[Add feature image from publisher.]
This op-ed was originally published in _______.
Successful collective impact is built on trust and authentic human connection among people with diverse experiences. While it is encouraging that at least ten percent of funder collaboratives surveyed by The Bridgespan Group in 2021 include some aspects of constituent engagement and power sharing to capture differing voices, foundations must go beyond finding of shared goals, values, and metrics in their pursuit and invest in the cultivation of authentic partnerships between their program staff, grantees, and the community they serve in order to achieve the aspirational outcomes they are after.
Earlier this year, the Early Relational Health (ERH) Coordinating Hub at the Center for the Study of Social Policy (CSSP), with support from Einhorn Collaborative and other funders, launched an effort to embed early emotional health into pediatric practice by bringing together a broad spectrum of stakeholders involved in the movement. With the recognition that parent-baby relationships are a key driver of family and community well-being, it was critical for parents to have a seat at the table and the decision-making power to shape CSSP’s research, implementation, and evaluation of early relational health across the country.
We are part of the initial steering committee made up of parent leaders, pediatricians, policy experts, nonprofit leaders, and funders, to shape the strategy for the broader effort. We come together from different identities, perspectives, and experiences to build a shared vision for the early relational health field, a theory of change, and a governance structure that embraces the importance of shared power, consensus building, and relational trust.
Our previous experiences creating collaborative tables have also helped us be more informed about the pitfalls in a funder-grantee relationship. We knew that our “how” was just as important as our mission to make a sustainable and long-term impact on the field.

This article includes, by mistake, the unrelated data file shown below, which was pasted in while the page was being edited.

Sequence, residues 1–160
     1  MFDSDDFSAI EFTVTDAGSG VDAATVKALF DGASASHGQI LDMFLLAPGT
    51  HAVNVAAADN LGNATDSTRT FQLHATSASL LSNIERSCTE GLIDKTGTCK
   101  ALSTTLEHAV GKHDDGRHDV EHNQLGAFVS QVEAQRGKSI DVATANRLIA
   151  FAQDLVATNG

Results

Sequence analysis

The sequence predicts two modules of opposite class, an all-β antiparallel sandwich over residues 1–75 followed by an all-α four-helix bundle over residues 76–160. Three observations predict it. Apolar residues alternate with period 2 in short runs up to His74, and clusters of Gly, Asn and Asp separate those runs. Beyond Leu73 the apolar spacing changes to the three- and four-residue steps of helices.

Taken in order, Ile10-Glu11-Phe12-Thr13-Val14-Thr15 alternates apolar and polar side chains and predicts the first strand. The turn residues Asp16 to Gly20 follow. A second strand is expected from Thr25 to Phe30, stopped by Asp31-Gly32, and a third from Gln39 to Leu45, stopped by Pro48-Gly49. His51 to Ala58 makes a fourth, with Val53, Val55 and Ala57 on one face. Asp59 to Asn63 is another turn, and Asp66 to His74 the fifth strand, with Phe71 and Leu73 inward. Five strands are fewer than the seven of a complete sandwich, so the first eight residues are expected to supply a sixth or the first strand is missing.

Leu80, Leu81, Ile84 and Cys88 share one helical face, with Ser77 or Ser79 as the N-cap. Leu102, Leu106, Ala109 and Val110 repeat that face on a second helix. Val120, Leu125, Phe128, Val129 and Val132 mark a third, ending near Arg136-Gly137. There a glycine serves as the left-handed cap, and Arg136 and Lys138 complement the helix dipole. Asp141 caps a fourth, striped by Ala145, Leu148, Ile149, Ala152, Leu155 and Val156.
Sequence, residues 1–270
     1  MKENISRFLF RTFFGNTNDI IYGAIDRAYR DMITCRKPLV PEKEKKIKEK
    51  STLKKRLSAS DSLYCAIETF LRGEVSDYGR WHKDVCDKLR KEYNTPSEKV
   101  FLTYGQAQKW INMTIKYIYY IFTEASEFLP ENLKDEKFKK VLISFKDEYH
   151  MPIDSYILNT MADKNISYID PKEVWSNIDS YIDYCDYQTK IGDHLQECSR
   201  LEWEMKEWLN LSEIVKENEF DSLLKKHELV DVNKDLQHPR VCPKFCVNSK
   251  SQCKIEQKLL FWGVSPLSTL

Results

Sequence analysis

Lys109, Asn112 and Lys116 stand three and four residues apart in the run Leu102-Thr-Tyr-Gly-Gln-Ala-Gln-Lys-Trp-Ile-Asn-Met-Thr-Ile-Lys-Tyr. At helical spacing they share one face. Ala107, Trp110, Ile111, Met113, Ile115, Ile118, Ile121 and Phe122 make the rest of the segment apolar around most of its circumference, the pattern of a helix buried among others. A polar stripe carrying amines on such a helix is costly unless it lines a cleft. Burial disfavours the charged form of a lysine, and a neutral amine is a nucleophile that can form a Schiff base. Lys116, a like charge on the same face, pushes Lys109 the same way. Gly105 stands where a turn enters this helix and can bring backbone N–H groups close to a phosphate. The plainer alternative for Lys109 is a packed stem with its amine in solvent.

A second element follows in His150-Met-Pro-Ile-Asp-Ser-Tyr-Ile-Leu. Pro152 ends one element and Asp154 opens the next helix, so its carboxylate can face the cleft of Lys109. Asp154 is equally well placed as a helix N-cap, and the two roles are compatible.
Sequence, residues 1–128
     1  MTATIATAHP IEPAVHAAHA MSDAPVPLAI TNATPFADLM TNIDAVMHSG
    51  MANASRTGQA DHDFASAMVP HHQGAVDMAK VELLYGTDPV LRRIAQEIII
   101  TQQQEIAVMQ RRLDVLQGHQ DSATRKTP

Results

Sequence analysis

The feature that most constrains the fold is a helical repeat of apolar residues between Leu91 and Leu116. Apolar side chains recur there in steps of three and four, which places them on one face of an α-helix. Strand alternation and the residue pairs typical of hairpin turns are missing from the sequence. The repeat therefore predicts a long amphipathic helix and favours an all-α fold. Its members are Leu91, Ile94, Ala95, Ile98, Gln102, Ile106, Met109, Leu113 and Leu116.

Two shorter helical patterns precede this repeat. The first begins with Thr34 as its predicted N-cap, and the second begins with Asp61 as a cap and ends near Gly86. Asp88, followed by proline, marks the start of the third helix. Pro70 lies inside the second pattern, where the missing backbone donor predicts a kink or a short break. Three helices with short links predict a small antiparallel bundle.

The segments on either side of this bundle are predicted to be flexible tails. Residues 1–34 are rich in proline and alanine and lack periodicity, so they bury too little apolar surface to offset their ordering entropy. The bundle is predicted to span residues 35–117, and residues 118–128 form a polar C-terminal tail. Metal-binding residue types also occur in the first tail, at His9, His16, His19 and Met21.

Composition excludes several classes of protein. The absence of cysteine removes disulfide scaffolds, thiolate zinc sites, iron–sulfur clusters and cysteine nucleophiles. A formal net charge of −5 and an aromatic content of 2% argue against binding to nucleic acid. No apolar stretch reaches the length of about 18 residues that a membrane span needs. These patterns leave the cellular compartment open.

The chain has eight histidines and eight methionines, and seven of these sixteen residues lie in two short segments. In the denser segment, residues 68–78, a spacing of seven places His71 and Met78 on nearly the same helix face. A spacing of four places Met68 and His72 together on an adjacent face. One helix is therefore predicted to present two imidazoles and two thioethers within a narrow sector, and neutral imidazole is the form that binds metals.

So, what is different about the makeup of this governance structure? Typically, researchers would bring in some parent voices to inform their study or conduct a focus group or survey to get parent perspective. In our set up, parent leaders – people who combine their lived experience with skills training to represent a broad constituency of families in decision-making circles – are part of the governing body throughout every stage of the initiative, have shared power with other steering committee members, and lead a network of 10 other parents in their communities to inform program strategy and design.
These parent leaders and their networks, brought together by the Family Network Collaborative, represent communities core to our collaborative effort, including people across the country who identify as Black, African American, and Brown parents; Indigenous parents; parents of children with special health care needs or disabilities; Spanish-speaking immigrant parents; parents with a Southern cultural background; and fathers. Each of the six parent leaders who sit at the governing table engages their network to bring the perspectives of their entire group into the room, so we are hearing from a total of 66 diverse voices who are part of these communities, not just organizational leaders who represent them.
While the two of us come to this work from different orientations — one as a funder located in New York City and one as a parent leader based in Wayne County in Detroit, Michigan — we also come to it as parents. We know that when children and their parents and caregivers experience emotional connection with each other, it can positively affect brain development and mitigate the effects of anxiety, depression, and behavioral problems. Growing the field of early relational health and giving families access to this type of support is not only important in improving the parent-child relationship at an individual level, but it is also critical in building a healthy and equitable future for our country.